About the issue
There is an issue that affects the way 1Password displays images in WebP format that can be used by an attacker to cause a heap buffer overflow. The issue affects 1Password 8 for Mac, Windows, and Linux versions prior to 8.10.15.
The 1Password issue was inherited from Google Chrome, where it was assigned vulnerability identifier CVE-2023-4863. A duplicate issue was reported with identifier CVE-2023-5129. 1Password uses components from Google Chrome and is therefore affected by the same issue. We have not received reports of this issue being exploited in 1Password. There are reports of the issue being exploited in Google Chrome.
Who may be affected
Anyone using 1Password 8 for Mac, Windows, or Linux prior to version 8.10.15 is affected by this issue. The issue does not affect 1Password for iOS or Android, nor earlier versions of 1Password.
If you’re using an affected version of 1Password 8 for Mac, Windows, or Linux, update to the latest version.
Impact and exploitability
An attacker who is able to show images in the WebP format to a victim using the 1Password app is able to perform a heap buffer overflow. The attacker can use this as a starting off point to achieve remote code execution or steal secrets from the other user’s device.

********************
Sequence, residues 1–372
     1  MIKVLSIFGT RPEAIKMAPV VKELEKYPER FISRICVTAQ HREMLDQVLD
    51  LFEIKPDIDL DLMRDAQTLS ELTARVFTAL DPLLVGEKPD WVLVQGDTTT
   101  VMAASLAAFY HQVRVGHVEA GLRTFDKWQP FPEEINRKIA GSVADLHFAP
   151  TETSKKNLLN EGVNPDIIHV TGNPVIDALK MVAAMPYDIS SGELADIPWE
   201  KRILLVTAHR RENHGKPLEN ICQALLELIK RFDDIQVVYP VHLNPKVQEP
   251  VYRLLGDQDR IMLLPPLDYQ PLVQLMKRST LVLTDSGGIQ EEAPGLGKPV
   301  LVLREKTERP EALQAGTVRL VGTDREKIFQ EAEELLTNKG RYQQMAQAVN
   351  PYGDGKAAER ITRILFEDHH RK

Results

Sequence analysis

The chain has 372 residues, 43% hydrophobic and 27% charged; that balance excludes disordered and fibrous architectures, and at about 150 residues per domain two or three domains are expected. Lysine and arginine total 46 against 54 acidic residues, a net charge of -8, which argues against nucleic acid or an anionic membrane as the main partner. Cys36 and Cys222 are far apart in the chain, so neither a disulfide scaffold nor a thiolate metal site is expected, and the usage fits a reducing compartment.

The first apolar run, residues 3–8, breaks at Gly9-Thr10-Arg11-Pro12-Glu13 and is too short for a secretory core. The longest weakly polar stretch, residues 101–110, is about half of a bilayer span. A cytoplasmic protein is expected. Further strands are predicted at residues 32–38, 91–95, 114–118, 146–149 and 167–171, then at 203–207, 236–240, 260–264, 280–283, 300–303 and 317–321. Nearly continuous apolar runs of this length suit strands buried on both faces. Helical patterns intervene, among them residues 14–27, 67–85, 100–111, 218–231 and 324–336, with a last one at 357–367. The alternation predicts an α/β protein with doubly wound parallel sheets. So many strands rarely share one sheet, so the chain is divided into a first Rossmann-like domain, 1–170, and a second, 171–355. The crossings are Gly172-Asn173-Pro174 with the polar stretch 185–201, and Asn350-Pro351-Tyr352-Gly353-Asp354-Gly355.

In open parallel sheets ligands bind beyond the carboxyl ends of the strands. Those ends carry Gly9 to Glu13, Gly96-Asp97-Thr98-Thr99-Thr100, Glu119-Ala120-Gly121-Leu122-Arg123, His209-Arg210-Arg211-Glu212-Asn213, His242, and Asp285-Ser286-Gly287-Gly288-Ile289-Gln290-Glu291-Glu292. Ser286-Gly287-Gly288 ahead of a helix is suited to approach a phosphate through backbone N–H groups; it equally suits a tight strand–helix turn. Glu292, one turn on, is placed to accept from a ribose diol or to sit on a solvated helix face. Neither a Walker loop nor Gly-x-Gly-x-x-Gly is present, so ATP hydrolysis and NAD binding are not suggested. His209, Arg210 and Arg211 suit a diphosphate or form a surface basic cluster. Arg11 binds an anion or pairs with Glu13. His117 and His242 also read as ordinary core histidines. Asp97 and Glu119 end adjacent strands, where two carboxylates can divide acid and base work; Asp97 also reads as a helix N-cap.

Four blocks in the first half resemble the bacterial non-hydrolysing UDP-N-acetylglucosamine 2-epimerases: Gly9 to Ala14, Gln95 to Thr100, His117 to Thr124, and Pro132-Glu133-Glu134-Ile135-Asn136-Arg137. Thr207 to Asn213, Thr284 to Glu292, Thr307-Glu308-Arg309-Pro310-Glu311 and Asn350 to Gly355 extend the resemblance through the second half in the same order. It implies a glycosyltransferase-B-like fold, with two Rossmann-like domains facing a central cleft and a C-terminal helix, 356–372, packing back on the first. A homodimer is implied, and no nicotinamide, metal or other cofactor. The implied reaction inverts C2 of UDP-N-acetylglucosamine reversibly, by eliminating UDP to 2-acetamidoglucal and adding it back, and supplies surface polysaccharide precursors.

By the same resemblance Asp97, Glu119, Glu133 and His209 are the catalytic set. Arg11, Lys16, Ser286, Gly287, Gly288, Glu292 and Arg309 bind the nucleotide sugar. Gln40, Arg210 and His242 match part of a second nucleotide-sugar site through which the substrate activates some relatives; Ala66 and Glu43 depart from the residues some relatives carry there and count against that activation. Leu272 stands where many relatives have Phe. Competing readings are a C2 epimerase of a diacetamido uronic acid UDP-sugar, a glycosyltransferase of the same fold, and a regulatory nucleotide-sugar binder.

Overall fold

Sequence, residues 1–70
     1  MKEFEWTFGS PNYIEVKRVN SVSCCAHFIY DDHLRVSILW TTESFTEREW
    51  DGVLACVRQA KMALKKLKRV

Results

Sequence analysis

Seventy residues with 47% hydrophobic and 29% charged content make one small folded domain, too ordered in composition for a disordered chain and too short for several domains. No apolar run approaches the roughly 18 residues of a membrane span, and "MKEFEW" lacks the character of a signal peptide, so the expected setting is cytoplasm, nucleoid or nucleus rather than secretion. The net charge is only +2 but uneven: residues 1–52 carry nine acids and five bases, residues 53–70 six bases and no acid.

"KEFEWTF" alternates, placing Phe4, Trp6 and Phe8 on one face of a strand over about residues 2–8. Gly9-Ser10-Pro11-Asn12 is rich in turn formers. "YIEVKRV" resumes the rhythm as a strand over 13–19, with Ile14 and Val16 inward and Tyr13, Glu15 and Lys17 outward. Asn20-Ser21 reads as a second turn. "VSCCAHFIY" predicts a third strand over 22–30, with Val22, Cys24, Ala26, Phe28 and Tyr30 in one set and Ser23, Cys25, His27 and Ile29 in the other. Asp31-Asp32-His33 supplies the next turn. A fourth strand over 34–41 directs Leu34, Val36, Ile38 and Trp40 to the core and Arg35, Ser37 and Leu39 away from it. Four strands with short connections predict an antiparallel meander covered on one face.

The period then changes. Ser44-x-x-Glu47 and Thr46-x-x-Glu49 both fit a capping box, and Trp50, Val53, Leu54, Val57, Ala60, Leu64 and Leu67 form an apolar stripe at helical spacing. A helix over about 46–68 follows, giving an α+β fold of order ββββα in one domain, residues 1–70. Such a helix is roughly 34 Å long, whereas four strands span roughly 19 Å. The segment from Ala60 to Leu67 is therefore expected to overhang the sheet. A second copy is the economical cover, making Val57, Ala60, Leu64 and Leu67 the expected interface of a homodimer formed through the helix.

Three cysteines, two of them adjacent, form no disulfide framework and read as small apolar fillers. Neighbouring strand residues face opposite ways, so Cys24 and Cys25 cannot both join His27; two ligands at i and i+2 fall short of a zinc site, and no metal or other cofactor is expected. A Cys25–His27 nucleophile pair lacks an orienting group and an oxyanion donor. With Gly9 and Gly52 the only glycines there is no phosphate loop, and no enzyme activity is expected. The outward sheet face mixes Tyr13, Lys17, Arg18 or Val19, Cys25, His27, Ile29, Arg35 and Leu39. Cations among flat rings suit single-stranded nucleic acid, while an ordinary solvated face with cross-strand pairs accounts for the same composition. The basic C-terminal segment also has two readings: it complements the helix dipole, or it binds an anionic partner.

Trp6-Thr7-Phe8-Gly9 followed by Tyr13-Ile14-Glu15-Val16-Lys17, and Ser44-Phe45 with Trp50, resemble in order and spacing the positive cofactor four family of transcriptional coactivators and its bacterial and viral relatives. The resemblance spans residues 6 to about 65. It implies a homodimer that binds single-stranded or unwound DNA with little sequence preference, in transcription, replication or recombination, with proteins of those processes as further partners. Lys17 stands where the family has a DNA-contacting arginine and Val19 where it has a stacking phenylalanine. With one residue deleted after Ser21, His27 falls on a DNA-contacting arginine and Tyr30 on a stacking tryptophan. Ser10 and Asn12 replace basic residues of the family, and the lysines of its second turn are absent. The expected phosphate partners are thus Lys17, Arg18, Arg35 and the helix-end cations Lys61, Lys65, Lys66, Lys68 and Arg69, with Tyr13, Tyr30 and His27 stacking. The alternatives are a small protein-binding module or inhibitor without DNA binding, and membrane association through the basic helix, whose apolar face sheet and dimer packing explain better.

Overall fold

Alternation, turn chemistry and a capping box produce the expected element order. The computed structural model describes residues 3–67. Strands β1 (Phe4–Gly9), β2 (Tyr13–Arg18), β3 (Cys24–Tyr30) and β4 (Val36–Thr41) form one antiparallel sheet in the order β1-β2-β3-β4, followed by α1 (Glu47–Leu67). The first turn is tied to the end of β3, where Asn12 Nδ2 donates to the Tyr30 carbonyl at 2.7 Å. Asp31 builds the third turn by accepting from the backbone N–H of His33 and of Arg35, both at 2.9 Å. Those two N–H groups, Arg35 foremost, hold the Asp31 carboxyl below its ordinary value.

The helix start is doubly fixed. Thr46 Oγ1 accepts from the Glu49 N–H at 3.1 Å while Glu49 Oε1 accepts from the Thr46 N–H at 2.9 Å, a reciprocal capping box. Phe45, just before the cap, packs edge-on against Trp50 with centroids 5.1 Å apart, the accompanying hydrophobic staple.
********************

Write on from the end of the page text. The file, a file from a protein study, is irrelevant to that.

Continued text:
1Password only shows images provided by other users in the account, in the form of icons or avatars. As a result, an attacker needs to share an account with a victim to perform the attack.
By default, 1Password apps don’t permit creating WebP images. However, if an attacker uses a maliciously modified client, they may be able to create WebP images regardless. If that happens, 1Password apps will attempt to display these images and become susceptible to this issue.
This issue is part of a wide ranging industry issue that impacts many apps that use the
libwebp library to process WebP images.
We designed 1Password to substantially reduce the attack surface of vulnerabilities affecting Google Chrome for 1Password. 1Password apps do not and may not show arbitrary content from the web. This defense-in-depth measure provides protection against the majority of security bugs affecting the Chrome components we use. Regrettably, this instance shows this measure doesn’t cover all such bugs. We hope to improve our defense-in-depth stance even further in the future.